CG Today : With the rebirth of Kathaa, what are the things that you are looking to do differently to accomplish greater success?


Prakash : I am going back to the basics – Revenue minus cost = profit. It took me 10 years to learn what I already knew; having said that, at this moment, I am not focusing on animation but more on live-action projects. The most important aspect when we started Kathaa was to tell stories. So in a way, the DNA stays the same, the medium changes.

When you talk about success, what do you actually mean? Is it crores of turnover? Is it the amount of people you employ? Is it acknowledgement of your peers? Of the people? I think success has different meanings. Our success would lie in telling stories, and it has been a long time since we did.

CG Today : Waiting for Sunshine in the valley is a documentary created by Kathaa. Can you tell us more about the evolution of the concept and why you chose the Kashmir insurgency as a topic?

Waiting for sunshine in the valley

Prakash : It is a shelved project. But the idea was a very exciting one. A friend of mine closely works with a group who do trips that enlightens you on many issues. The idea was to interview the participants about their opinion on Kashmir. Take them there and capture their interaction with the locals and after the trip ask the participants the same questions and see the difference. Unfortunately a day before we were to go there, the Amarnath issue came up and there was curfew announced in Srinagar, and the project got stalled.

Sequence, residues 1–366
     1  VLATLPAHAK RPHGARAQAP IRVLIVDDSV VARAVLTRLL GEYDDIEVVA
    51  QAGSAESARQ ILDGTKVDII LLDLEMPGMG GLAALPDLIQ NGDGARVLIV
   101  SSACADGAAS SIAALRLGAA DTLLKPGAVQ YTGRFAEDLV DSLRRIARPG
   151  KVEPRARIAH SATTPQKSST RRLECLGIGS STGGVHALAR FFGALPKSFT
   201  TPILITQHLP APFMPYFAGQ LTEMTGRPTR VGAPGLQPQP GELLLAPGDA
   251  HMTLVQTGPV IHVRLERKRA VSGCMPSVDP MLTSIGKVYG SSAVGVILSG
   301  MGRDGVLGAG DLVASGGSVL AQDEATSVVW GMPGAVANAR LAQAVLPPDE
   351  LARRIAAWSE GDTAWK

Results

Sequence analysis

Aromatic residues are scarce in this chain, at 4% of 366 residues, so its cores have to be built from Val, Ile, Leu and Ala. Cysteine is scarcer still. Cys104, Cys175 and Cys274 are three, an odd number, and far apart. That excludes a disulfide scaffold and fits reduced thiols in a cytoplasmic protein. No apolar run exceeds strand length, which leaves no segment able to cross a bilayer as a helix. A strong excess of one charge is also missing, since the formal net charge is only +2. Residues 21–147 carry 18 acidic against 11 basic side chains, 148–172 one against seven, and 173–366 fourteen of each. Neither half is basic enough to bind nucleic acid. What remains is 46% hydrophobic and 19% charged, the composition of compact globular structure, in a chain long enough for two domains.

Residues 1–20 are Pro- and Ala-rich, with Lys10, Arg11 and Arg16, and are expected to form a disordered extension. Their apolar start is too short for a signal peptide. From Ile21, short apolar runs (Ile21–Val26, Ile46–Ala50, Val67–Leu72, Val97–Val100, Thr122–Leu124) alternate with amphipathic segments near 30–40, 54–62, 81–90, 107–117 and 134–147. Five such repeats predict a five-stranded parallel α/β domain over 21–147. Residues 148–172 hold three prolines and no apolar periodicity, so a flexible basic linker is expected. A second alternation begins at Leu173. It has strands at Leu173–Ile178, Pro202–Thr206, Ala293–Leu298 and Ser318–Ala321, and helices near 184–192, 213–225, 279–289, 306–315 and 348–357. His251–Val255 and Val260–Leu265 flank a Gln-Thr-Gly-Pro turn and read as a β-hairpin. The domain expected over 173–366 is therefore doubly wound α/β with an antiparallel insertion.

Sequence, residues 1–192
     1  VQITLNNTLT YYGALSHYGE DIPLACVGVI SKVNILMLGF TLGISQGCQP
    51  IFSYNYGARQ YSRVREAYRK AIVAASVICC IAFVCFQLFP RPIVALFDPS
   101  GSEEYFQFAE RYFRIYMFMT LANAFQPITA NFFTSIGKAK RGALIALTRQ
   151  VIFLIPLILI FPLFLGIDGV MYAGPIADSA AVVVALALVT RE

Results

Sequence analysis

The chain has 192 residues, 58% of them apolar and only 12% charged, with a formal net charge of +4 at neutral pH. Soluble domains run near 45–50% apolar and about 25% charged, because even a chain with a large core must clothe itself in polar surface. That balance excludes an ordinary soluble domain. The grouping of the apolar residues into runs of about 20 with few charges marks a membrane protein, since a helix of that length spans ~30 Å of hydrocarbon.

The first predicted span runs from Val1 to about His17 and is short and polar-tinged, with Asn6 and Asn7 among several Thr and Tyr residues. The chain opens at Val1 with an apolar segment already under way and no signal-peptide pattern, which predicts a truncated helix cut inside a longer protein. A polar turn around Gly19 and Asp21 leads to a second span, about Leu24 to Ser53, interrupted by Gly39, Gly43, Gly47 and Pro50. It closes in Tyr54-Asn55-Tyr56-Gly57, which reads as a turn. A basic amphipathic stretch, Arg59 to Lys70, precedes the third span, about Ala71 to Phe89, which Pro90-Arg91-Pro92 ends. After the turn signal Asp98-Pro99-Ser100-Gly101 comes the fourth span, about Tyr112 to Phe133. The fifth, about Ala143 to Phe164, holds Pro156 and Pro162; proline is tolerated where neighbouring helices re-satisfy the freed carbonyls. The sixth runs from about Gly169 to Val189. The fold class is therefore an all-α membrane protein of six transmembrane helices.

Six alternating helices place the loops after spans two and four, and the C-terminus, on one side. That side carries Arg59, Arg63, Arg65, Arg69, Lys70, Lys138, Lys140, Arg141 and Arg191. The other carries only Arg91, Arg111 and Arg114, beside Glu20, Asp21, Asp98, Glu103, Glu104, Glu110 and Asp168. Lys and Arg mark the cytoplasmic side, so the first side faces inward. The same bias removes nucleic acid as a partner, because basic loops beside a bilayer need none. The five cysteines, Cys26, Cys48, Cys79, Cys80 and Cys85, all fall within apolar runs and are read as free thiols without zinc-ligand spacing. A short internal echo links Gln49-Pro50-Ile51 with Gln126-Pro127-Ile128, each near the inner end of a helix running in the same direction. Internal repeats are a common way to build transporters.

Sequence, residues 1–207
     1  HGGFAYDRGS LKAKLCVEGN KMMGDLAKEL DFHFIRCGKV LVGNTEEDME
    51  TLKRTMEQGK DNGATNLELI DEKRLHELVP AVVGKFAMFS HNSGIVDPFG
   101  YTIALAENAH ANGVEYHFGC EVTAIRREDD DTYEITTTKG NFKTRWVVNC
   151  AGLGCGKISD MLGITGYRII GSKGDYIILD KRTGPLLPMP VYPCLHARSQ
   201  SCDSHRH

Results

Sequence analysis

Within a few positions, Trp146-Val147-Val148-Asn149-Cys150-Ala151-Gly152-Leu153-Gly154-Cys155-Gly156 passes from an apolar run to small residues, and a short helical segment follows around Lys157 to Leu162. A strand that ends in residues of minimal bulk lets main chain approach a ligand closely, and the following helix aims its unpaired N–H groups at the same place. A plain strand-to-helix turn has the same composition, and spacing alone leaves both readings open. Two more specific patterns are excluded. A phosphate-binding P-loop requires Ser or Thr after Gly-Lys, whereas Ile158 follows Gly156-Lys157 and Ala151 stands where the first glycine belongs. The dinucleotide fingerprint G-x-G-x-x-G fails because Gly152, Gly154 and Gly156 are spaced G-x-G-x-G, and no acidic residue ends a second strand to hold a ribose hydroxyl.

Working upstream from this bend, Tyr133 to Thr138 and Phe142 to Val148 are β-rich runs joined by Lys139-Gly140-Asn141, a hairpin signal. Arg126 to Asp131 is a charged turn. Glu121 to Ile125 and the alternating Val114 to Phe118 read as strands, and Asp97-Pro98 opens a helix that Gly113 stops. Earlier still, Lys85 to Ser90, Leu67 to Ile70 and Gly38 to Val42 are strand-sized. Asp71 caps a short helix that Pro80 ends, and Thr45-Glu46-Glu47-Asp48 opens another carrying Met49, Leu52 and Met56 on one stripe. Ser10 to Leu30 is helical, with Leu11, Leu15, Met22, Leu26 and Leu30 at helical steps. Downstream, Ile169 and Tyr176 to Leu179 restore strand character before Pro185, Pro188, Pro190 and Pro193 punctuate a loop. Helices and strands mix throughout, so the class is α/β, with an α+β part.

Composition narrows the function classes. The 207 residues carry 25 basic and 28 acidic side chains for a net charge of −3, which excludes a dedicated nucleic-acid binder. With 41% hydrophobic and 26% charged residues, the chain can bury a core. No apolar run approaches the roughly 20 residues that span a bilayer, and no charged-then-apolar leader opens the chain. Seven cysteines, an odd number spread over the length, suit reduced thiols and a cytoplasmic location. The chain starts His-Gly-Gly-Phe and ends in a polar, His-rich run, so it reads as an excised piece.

CG Today : The graphic novel, Sea Prince comes up with a wonderful concept with Kara, going into the sea in pursuit of destiny. How is a graphic novel developed once the initial draft and concept are in place? Are the characters locked or do you allow for evolution until the final stages?

Prakash : Sea Prince, as I mentioned earlier was planned as a feature length film. One of the key persons involved in the project started specializing in graphic novels. It was his idea of making Sea Prince into a graphic novel. It is too early to comment on how it is getting evolved.

Sea Prince - Graphic Novel

CG Today : You worked for Morpheus Media Ventures, which has quite a few releases to its name, which is impressive considering that it is still quite young. How was your work experience there? How did the impulse to revive Kathaa come about?

Prakash : It is here that I realized the business model before the acquisition with the animation major was the right thing Smile

CG Today : As a supervisor of Web Interactives for Purple Image Technology, you were involved in developing a strategy based flash game for CID, a very popular TV series based on detectives. Can you tell us more about this game that was nominated for Chip Multimedia CD Awards?

Prakash : I don’t remember much except that it was the first time I put my hands into programming and the project got nominated. But I certainly don’t enjoy programming and definitely don’t like playing games. It was an irony for everyone that I made a game and it got nominated!